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Grand Canyon Court Case Decision Released

Posted: 12/03/2007
by Kevin Colburn

On November 26th, District Judge David Campbell issued his ruling to uphold the 2006 Colorado River Management Plan (CRMP). At issue in this case was the continued use of motors and the allocation between commercial outfitters and recreational river runners.

 

Plaintiffs who challenged the plan included River Runners for Wilderness, Rock the Earth, Wilderness Watch, and Living Rivers. Defendants included Grand Canyon National Park along with Grand Canyon River Outfitters Association and Grand Canyon Private Boaters Association as intervenors.

 

Although American Whitewater participated in the development of the Grand Canyon River Management Plan, our organization was not a party to this lawsuit. Management of the Grand Canyon remains an important issue for our members, and we will continue to be engaged in the implementation of the new CRMP and review of it's effectiveness over the next several years.

 

Plantiffs argued that the 2006 CRMP is unlawful and should be set aside. The question before the Court was not the decision the Park Service made but whether that decision was reasonably supported by the Administrative Record. Courts are not to interfere with reasonable agency decisions rendered within areas where Congress has authorized the agencies to act, and in this case the Court concluded that Congress has delegated the responsibility for management of motors and use allocation to the Park Service.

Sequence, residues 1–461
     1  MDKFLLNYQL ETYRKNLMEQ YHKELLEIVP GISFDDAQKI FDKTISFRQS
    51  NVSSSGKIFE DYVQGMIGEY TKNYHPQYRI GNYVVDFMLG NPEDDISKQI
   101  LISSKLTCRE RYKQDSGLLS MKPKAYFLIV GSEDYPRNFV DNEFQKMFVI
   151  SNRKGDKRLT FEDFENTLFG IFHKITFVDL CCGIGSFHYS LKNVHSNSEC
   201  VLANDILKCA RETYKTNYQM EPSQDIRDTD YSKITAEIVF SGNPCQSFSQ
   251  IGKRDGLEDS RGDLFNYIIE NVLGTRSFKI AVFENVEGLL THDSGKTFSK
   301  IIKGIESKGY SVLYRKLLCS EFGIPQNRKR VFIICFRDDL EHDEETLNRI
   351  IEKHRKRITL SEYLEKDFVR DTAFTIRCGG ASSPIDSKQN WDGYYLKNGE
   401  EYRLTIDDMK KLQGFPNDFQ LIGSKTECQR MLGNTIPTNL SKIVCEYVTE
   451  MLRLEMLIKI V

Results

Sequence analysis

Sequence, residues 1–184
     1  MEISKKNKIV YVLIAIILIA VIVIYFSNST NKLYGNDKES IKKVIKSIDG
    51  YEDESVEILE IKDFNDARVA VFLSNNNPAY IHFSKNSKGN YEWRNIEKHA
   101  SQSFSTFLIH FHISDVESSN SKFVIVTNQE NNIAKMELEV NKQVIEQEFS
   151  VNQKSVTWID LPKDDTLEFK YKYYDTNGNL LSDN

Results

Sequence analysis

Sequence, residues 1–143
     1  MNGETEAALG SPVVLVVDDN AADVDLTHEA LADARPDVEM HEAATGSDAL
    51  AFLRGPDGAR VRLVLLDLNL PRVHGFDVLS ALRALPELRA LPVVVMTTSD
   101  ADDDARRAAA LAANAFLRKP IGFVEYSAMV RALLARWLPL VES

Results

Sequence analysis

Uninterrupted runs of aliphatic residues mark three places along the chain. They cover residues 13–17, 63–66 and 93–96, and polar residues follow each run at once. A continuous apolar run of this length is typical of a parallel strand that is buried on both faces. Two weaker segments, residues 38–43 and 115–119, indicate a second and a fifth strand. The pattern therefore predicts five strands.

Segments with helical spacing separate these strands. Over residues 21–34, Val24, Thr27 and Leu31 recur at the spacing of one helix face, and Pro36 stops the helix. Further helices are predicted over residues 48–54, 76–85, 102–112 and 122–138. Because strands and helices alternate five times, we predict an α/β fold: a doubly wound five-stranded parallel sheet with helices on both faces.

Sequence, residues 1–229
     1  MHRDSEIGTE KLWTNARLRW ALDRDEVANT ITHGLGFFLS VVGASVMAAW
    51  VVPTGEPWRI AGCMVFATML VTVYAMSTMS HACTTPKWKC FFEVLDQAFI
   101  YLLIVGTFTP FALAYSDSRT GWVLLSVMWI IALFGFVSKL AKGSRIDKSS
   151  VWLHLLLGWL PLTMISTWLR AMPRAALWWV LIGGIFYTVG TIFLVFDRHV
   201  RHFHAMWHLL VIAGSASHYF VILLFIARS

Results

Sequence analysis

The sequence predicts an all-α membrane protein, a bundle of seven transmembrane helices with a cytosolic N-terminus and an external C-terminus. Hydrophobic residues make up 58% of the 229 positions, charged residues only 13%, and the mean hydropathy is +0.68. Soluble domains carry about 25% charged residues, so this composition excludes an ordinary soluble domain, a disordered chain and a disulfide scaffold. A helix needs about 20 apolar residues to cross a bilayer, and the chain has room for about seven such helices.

In developing the CRMP the Park Service did take some critical steps towards reducing the use of motors on the Grand Canyon and increasing the number of user days for recreational river runners. Motors are prohibited from September 16 through March 31, 3.5 months longer than under the previous management plan. The allocation has also significantly changed from 113,083 user days for commercial operators (74,260 motorized and 38,823 non-motorized) and 58,048 user days for recreational river runners, to 115,500 to commercial operators (76,913 motorized and 38,587 non-motorized) and an estimated 113,486 days to recreational river runners. This represents a change from 66.5% commercial and 33.5% recreational to 50.4% commercial and 49.6% recreational. In addition the decades-long wait list has been replaced with a weighted lottery that provides enhanced opportunities for those who have never had an opportunity to experience the Grand Canyon.

 

American Whitewater worked hard to obtain these provisions which we believe represent improved opportunities to enjoy this resource for recreational river runners. Over the next 10 years we will actively review its success as we await the next opportunity to revisit the management plan. We welcome input from members who have had experience (good or bad) under the new plan.  We anticipate a formal survey and report in the coming couple years that addresses the new plan's effectiveness.

 

Kevin Colburn
Asheville, NC


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Grand Canyon
American Whitewater has long worked on the Grand Canyon of the Colorado River. From fighting dam proposal decades ago, to advocating for equitable access in the recent development of a new management

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